In recent weeks, the United Kingdom’s Cambridge University became embroiled in controversy when as a professor who has deep ties with China discouraged students from discussing the ongoing suffering of Uyghur Muslims.
The professor is Peter Nolan, director of the China Center at Jesus College, part of the University of Cambridge. According to the transcript obtained by Open Democracy, during a meeting in November 2020, Nolan advised students to avoid open discussion about the Chinese government’s human rights violations against Uyghurs because such discussion would lead to “unhelpful” and “contentious” outcomes.
In response to China’s treatment of Uyghurs, Nolan claimed the Chinese government is facing challenges that “all countries that have any kind of minority at all” have faced, and added that there is no “homogeneous, correct view of what is happening in Xinjiang.”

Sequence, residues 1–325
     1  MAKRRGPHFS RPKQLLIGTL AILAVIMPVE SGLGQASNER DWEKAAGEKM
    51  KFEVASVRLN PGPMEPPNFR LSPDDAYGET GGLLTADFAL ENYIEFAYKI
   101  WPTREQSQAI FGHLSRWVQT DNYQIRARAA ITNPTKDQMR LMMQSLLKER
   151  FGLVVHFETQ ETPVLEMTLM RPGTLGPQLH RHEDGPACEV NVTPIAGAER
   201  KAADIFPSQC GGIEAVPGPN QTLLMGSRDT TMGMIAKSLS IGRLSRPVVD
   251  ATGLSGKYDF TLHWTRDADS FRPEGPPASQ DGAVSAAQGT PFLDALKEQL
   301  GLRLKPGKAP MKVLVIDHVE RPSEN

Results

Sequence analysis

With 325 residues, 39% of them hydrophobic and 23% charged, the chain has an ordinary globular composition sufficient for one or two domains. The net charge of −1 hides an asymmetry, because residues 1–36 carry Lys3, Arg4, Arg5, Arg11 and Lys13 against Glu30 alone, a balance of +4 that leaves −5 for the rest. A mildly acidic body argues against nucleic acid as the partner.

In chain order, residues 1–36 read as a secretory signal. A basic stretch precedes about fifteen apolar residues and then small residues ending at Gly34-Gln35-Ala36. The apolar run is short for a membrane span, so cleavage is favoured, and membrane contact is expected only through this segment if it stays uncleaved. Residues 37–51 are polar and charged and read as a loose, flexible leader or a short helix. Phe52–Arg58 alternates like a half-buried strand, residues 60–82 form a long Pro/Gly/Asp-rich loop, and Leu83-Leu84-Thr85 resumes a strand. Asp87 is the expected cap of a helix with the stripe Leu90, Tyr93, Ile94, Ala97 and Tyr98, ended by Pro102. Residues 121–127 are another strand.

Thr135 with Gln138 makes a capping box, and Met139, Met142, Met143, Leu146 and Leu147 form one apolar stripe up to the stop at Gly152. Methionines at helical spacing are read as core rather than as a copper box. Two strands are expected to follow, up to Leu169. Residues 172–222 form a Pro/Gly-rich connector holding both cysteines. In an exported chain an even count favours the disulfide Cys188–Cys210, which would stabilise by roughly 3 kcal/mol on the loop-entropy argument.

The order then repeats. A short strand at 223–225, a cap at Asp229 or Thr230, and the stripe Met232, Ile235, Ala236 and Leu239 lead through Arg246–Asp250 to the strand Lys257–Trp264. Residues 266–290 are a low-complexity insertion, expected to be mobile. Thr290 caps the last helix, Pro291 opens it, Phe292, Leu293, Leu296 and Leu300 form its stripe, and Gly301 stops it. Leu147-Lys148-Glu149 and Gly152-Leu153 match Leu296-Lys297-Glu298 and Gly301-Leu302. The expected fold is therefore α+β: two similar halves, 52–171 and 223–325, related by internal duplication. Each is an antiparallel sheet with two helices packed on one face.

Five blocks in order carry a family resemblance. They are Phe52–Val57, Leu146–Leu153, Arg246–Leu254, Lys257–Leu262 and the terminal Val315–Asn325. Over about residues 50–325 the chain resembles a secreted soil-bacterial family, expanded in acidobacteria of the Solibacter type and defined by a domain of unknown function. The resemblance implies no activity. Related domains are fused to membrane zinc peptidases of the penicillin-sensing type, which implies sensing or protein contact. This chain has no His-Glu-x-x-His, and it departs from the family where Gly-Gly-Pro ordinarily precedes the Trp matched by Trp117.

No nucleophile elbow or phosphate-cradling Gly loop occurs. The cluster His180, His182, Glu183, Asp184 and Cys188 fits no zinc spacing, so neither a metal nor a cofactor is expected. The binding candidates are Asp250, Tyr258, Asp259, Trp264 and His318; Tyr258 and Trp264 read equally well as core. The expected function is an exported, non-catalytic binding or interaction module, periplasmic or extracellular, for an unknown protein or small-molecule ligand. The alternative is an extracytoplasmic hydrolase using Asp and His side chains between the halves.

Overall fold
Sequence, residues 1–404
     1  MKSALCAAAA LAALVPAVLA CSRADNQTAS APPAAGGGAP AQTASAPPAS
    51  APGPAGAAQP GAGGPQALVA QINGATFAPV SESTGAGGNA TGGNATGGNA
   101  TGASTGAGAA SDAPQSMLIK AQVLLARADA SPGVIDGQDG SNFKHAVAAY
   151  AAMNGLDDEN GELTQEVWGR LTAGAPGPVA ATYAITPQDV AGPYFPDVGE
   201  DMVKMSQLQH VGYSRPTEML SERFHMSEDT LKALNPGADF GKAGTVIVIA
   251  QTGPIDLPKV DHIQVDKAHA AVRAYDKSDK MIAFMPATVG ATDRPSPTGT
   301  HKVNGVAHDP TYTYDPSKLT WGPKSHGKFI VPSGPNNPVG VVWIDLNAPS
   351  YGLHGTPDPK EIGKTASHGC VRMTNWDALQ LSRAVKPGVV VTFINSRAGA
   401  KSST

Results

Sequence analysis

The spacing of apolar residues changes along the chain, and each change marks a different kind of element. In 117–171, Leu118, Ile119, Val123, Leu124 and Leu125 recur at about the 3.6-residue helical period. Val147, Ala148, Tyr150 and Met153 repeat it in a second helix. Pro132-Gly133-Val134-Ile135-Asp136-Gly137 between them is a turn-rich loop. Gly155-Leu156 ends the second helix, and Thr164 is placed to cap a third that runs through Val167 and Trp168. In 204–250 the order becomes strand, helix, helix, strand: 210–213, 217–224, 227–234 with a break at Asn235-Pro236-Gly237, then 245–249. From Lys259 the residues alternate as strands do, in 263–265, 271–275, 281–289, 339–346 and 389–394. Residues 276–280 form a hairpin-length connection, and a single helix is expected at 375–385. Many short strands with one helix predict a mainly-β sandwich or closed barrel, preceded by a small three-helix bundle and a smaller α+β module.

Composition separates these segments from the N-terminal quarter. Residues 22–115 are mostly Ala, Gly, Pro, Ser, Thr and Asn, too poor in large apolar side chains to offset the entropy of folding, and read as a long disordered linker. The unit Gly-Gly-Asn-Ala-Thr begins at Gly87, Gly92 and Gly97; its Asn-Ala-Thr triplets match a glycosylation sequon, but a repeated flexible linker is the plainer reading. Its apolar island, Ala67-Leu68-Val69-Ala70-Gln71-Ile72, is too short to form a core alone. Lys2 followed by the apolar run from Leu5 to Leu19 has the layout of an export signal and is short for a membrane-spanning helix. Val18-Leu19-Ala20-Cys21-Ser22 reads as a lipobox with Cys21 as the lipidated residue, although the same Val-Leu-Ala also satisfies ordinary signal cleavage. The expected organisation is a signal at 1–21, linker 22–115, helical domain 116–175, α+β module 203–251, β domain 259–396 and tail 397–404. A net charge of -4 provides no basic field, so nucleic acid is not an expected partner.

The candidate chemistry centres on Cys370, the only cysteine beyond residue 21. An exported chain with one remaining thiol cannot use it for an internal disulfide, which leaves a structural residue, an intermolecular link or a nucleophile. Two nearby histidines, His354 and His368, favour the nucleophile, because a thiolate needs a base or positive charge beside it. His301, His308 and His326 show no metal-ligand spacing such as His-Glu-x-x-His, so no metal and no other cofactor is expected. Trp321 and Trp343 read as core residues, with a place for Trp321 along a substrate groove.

Nolan also discouraged any discussion about Hong Kong because he thought such discussions might offend students from the Chinese mainland. In addition, he worried the college would be “perceived as being a campaigning college for freedom for Hong Kong, freedom for the Uyghurs” if it provides platforms for people who have strong views about China without having someone to present counter viewpoints at the same time.
The most outrageous of Nolan’s comments was his accusation that the World Uyghur Association, a human rights organization for Uyghur Muslims, was financed by the U.S. Congress, and that “its purpose is regime change in China and other parts of the world. So that what you regard in the media as self-evidently true is actually a much more complicated question.”
Following the Money
Since he has deep personal and financial ties with the Chinese government, no one should be surprised that Nolan sounded like a Chinese government apologist.
Nolan’s bio states he has spoken at the Chinese government’s annual China Development Forum since its inception in 2000. Nolan also previously served as the founding director and Chong Hua Chair at the Cambridge University’s Center of Development Studies.
The Chong Hua Foundation, a Chinese charity registered in Bermuda with no website and wrapped in secrecy, funded the chair position with a £3.7 million endowment.
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